SBA Uses VDI to Deliver Aid After Hurricanes
VDI is popular among federal agencies because it is a mature technology “and incredibly secure,” says Chris Howard, vice president of public sector sales at Nutanix. The company works with security and law enforcement agencies.
The Small Business Administration switched to virtual desktops in the spring of 2017. They did so, says Sanjay Gupta, CTO at the SBA, because the agency was desperately in need of IT upgrades.
Adds Gupta, “We knew the cloud would be the direction for us to go forward.”
Instead of putting money into modernizing its outdated data center, the agency invested in cloud instead.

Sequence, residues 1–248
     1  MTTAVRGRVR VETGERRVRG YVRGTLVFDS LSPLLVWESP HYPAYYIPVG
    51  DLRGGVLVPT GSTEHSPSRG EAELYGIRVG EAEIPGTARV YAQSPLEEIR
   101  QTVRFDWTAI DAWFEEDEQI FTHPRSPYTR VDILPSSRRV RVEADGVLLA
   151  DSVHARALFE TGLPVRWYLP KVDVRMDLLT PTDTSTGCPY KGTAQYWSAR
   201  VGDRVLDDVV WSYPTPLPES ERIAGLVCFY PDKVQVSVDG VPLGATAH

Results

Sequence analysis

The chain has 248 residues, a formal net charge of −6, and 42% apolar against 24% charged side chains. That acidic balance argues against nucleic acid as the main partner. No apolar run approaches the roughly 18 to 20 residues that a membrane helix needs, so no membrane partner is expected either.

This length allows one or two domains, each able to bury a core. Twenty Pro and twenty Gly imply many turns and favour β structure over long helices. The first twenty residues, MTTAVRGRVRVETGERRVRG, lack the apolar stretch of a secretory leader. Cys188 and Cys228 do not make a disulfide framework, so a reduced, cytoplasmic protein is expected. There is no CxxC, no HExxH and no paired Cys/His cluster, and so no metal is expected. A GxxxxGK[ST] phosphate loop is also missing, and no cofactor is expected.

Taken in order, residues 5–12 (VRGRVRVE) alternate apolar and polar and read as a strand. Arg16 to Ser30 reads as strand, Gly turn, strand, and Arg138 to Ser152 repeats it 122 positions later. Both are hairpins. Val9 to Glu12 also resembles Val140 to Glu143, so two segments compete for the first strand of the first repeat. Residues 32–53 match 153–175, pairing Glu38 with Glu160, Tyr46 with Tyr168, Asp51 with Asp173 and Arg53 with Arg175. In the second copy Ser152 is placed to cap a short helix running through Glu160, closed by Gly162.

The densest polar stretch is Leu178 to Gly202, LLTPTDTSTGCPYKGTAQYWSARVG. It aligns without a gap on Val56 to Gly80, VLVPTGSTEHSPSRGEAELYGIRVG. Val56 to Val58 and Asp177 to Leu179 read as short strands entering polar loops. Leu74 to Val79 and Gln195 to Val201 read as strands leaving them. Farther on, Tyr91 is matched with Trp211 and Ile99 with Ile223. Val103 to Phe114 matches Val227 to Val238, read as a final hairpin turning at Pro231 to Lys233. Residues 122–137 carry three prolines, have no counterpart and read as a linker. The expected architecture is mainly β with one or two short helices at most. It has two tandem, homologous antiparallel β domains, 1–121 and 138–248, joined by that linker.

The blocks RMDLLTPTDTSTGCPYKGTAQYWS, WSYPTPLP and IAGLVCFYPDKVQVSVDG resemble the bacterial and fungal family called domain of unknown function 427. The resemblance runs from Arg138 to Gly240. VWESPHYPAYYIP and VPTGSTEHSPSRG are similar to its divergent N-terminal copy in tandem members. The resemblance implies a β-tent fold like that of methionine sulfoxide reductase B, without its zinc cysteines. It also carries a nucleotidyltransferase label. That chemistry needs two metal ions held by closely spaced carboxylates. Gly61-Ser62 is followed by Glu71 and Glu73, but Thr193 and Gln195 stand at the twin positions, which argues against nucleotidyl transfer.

The timing turned out to be opportune as the U.S. was hit with three major hurricanes later that year. Gupta explains, “We had no idea how ugly the hurricane situation would become.”
Hurricanes Harvey, Maria and Irma became three of the five costliest hurricanes ever to hit the United States, causing a total of $265 billion in damage, according to the National Oceanic and Atmospheric Administration.
The SBA had to scale up its Disaster Loan Assistance program, and it did so quickly. “We went from 800 people to more than 6,000 people in about 60 days,” says Gupta.
Creating a virtual desktop cloud for a subset of those people was quicker and more cost-effective than buying hardware; SBA avoided about $350,000 in hardware costs, according to its FY2019 Annual Performance Report. And just as the agency was able to scale up quickly during peak disaster support, it was able to scale back down.